Cold forming, or cold forging, is becoming a more popular option for manufacturing precision engineered miniature and micro surgical and medical components. 1 Manufacturers that purchase custom cold formed components for their assemblies do so with a view to reduce raw material and labor costs while also improving yield and component reliability. While the parts are generally very small, a large percentage of them contain a wide variety of expensive — and often precious — raw materials, and any reduction of waste adds directly to the bottom line. Cold forming’s other advantage of retaining or even improving repeatable quality over alternative methods is another reason it is becoming increasingly popular.
So, while production efficiency, lower cost, and improved yield, strength, and quality are all extremely compelling reasons to choose cold forming, here’s an unexpected one: ecological. Many companies employing methods to reduce environmental impact do so either because of regulatory compliance requirements or because of the public relations value; that is, a perception of good corporate citizenship influences consumer preference in esoteric (if not real) terms. However, with cold forming, the ecological advantages translate almost entirely to cost advantages as well.
The naturally environmentally friendly methods used in cold forming can result in savings from the following categories: virtually no scrap, lower material and recycling costs, reduced overhead cost, and reduced oil cost and consumption. Note: The platform for cost comparison takes into consideration a significantly higher production volume for cold formed parts at an average of 100 PPM versus the typical 20 PPM for machined parts. The savings illustrated below are particularly effective over very long runs.
Virtually no scrap. Very little to no material is sacrificed in part manufacture, except in trimming, which may account for less than 2 percent of the part mass. Cold forming produces a “near net shape” (and frequently a complete net shape) part. Less scrap translates into a reduction in original material cost to manufacture the part.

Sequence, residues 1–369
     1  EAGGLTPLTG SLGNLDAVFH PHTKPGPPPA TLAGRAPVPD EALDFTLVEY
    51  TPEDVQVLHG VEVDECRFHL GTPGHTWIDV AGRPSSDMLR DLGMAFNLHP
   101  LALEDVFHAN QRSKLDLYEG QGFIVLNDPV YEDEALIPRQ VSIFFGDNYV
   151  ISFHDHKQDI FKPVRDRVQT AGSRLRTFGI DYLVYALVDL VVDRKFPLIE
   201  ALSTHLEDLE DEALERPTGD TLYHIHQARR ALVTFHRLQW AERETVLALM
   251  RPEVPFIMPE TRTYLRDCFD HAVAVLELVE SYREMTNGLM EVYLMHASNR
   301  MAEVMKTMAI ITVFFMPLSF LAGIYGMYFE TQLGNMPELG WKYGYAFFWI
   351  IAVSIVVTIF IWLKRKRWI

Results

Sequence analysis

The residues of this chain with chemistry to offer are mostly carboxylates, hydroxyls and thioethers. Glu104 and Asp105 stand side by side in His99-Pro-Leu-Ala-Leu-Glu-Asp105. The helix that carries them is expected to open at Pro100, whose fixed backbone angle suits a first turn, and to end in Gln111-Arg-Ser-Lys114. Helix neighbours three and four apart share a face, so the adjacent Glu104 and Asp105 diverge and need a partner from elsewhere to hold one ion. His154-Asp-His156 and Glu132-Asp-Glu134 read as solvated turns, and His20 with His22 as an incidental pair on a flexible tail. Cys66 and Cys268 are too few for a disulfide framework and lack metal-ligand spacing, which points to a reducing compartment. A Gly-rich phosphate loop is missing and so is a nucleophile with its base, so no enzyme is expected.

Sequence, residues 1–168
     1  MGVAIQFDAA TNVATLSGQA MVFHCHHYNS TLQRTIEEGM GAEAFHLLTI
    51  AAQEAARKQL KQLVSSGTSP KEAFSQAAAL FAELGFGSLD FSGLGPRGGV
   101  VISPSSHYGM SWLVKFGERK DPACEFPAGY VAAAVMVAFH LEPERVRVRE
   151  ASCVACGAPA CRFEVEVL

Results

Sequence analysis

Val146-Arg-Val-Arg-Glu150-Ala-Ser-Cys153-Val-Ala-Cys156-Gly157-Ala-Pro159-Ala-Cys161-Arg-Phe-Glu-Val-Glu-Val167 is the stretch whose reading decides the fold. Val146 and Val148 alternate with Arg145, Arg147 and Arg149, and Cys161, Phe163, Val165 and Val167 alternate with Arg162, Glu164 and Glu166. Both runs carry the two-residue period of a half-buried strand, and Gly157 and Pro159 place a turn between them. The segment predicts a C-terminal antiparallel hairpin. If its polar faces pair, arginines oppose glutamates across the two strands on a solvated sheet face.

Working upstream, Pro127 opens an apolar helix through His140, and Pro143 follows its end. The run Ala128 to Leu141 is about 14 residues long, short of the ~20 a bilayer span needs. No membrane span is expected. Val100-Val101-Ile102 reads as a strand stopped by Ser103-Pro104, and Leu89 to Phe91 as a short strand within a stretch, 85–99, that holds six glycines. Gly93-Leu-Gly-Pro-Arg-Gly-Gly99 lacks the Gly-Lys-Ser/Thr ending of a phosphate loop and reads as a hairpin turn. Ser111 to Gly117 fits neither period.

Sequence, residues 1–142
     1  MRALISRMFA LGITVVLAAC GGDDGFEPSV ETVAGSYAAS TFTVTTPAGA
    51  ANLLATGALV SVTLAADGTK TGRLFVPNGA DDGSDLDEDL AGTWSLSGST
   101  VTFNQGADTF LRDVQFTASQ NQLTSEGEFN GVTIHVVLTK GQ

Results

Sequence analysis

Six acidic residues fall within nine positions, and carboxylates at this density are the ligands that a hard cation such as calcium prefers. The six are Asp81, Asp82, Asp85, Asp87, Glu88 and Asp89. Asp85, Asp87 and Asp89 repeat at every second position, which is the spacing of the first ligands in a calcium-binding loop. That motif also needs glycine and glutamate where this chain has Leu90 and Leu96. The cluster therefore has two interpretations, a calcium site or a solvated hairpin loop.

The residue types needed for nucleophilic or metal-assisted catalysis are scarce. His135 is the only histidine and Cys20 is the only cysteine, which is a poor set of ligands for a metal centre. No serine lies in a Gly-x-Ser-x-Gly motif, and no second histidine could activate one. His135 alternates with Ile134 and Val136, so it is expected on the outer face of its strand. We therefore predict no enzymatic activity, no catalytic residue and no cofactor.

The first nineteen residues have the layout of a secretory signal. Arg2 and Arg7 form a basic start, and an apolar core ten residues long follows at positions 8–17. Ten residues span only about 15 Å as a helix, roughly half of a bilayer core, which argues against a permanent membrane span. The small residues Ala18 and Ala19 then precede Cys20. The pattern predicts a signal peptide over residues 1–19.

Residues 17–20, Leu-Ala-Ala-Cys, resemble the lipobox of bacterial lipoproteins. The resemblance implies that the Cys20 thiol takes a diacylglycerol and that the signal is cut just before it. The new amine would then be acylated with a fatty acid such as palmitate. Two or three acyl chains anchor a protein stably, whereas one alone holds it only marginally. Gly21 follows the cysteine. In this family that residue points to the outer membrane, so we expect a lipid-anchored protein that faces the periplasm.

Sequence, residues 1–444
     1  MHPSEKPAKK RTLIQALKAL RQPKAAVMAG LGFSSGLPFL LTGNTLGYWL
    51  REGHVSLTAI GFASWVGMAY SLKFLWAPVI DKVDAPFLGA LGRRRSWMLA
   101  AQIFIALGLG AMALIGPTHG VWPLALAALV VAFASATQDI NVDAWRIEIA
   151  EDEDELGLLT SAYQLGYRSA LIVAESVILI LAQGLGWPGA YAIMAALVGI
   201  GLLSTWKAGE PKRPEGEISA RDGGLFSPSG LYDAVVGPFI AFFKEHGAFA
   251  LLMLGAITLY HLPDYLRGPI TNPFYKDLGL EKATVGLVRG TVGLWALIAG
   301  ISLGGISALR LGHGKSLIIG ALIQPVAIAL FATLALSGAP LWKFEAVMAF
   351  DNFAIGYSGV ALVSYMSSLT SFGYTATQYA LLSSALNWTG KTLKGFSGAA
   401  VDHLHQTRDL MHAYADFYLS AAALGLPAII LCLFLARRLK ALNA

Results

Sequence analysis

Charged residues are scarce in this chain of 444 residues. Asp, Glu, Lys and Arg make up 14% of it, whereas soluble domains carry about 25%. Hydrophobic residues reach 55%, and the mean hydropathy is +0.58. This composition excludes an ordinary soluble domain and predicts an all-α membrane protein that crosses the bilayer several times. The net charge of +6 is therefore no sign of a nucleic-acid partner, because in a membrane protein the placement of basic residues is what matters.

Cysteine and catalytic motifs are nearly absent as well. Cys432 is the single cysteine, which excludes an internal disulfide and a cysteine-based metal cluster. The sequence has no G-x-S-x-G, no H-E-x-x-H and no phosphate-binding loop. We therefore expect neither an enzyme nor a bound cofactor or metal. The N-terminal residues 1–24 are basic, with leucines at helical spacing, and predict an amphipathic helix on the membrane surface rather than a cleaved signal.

Lower material and recycling costs. Recycling costs, especially for exotic materials such as gold, silver, and platinum, are much lower for cold forming because machining produces scrap, whereas with cold forming, all materials are near net shape. Recycling costs for exotic materials are higher due to challenges of reclaiming particles and screening impurities after recycling.
Reduced overhead cost. Fewer man-hours are devoted to producing the same number of parts; therefore, the cost per piece includes a much lower contribution of labor cost than machining does. Also, because of cold forming’s high production speed, there is a much lower utility cost contribution per part than with a slower process like machining, making the part significantly more energy efficient.
Reduced oil cost and consumption. Total oil cost is lower for cold forming. Even though it uses a more expensive type of oil that requires greater viscosity than lubricating oil for machining, the faster production speed means less oil usage over time. On average, this results in lubrication cost savings of 10 percent on every full production run.
To illustrate ecological savings using actual products, the following examples of specific parts compare manufacturing costs and savings with cold forming versus machining.
Example 1: Medical Device Insert Screw
A stainless steel medical insert screw is manufactured using cold forming and roll forming as a secondary operation. This net shape micro-screw produces no scrap and has an increased tensile strength due to work hardening through the cold forming process. The high run rates of cold forming positively impact cost and energy efficiency with a savings of 407 KWH per million pieces compared with traditional machining methods. Production runs for the insert screw are in excess of 50,000,000 parts annually (see Table 1).
Example 2: Cannula Hub
An aluminum tubular part that holds a medical needle and screws into a syringe body is manufactured using cold forming with secondary operations for threads. Minimal scrap and increased tensile strength are achieved through the cold forming process. Due to the high run rates possible with cold forming, when compared with traditional machining methods, 528 KWH were saved per million pieces, reducing not only energy cost but the carbon footprint as well. This part runs in excess of 2,000,000 annually (see Table 2).
Bottom line: Ecological imperatives, considered alone, may not be enough to convince medical device buyers to adopt cold forming to solve many of their small component manufacturing needs. But cold forming affords them an opportunity not just to claim a high road of environmental responsibility, but to save some additional cost along the way.